Most ultra-Orthodox students demand segregated classrooms, which means female lecturers cannot teach male students, but male lecturers may teach female students.

The CHE has banned compulsory gender segregation in Haredi classrooms in universities and colleges and said in a statement it issued that institutions may only recommend such segregation, not impose it. The CHE said it would take disciplinary steps against any institution that imposes segregation.

Today some 7,100 students are enrolled in Haredi colleges. Haifa, Tel Aviv and Bar-Ilan universities grant degrees to students in B’nei Brak’s Mivhar College and Jerusalem’s Haredi College. The students in these colleges attend separate classrooms for men and women.

The CHE has banned compulsory gender segregation in the Haredi classrooms to operate in universities and colleges. A university or college will take disciplinary steps against anyone pressuring to impose segregation on its grounds, the CHE said in a statement.

However, Bar-Ilan University accepts and upholds gender segregation. It is in the process of setting up a separate compound for Haredi classrooms on the campus outskirts, with separate entrances and exits for men and women. Next year it will offer optometry courses for women and two preparatory courses, one for men and one for women.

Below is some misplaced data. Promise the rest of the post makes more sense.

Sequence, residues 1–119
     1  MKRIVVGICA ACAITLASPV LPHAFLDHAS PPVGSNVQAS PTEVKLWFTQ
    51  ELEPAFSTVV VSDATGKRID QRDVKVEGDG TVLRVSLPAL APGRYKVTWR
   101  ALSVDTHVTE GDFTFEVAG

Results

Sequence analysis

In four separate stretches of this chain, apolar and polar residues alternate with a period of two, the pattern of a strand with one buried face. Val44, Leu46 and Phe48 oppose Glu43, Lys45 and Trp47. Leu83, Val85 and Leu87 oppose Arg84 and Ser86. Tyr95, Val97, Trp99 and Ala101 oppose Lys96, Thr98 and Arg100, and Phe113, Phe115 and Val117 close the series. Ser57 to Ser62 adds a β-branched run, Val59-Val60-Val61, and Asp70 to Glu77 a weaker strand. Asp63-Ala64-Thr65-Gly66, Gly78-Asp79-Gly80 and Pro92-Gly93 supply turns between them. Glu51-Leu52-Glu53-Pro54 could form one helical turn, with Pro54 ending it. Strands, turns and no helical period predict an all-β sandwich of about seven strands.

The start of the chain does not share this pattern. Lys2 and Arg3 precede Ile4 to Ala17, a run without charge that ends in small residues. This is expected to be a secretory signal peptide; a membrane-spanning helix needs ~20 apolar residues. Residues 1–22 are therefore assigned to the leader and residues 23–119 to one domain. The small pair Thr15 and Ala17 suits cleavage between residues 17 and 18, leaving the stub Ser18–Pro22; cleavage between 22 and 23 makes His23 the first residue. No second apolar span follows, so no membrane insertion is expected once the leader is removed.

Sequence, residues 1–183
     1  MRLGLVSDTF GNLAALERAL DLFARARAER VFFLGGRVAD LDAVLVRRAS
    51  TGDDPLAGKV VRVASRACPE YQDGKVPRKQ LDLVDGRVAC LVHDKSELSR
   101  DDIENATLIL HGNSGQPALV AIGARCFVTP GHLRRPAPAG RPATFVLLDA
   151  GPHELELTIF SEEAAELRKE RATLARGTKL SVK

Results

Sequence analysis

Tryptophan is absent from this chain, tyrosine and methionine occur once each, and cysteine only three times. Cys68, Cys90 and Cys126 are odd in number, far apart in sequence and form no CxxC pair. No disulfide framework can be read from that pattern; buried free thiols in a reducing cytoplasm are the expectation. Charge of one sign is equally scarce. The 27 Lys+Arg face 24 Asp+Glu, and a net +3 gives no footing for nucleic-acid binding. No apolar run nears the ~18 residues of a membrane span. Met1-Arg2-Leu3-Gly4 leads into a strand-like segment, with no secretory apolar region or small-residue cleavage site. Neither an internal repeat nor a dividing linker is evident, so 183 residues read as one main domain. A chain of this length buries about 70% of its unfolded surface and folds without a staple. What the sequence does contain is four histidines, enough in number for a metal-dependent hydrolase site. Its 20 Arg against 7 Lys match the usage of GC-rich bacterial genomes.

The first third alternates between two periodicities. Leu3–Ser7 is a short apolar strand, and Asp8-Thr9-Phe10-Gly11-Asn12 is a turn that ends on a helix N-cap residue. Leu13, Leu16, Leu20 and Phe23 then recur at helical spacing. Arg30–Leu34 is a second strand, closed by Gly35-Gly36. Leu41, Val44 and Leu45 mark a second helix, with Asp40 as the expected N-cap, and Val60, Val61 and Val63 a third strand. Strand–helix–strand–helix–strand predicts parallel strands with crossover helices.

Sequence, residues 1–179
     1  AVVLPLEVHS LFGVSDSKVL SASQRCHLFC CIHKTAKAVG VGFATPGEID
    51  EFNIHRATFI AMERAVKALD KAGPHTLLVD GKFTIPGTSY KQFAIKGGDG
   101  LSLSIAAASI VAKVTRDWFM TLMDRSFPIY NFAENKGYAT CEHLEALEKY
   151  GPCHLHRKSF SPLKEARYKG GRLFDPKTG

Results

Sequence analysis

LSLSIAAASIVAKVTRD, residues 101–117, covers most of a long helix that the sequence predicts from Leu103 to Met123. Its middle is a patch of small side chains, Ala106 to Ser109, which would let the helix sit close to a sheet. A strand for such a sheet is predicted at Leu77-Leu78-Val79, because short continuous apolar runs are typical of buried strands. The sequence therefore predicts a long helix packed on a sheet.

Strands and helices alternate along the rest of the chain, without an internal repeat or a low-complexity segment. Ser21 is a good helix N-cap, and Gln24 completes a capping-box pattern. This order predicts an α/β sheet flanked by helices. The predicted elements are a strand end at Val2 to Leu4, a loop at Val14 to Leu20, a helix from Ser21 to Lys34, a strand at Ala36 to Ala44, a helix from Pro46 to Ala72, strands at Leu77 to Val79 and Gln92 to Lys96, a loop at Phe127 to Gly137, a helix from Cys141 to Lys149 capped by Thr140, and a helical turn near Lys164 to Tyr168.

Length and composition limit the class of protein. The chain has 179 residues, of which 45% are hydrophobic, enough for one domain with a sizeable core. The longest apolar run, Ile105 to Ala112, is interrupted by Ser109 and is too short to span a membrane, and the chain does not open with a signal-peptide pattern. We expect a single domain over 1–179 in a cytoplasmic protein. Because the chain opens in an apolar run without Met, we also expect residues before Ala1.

Bar-Ilan rector Professor Haim Teitelbaum says it’s important to bring ultra-Orthodox students to academic studies even at a price. “We’re not interested in changing them...If that’s the way they feel more comfortable studying, then that’s more important. There’s no point in insisting and demanding they study like the rest of the students. Our approach is live and let live. Both sides profit from it,” he says.

The Technion has recently opened a preparatory course for men only and is about to open a similar course for women only.

A Technion spokesman said the institution has undertaken to use male teachers in the all-male preparatory course, but in the degree studies the Haredi students may attend courses with female lecturers.

But unlike the Technion and Bar-Ilan University, at the Hebrew University in Jerusalem the prospect of a gender segregated campus is sparking angry reactions from faculty.

But a senior university official involved in Haredi education said: ”The Haredi public isn’t ripe to fit in the universities at this stage and needs separate frameworks.

“Something like the petition in Hebrew University could harm the drive for academic studies for Haredim, which is the most important part. It could deter Haredi students, who are hard to draw to academic studies as it is,” he said. Today the Hebrew University already has a Haredi, gender-segregated preparatory course together with the university-founded Magid Institute. The controversy was sparked by the possibility of offering gender-segregated B.A. studies.

Ultra-Orthodox Jewish students at a Jerusalem college.Credit: Orel Cohen
The Edmond J. Safra campus, Hebrew University in Jerusalem.Credit: Daniel Bar-On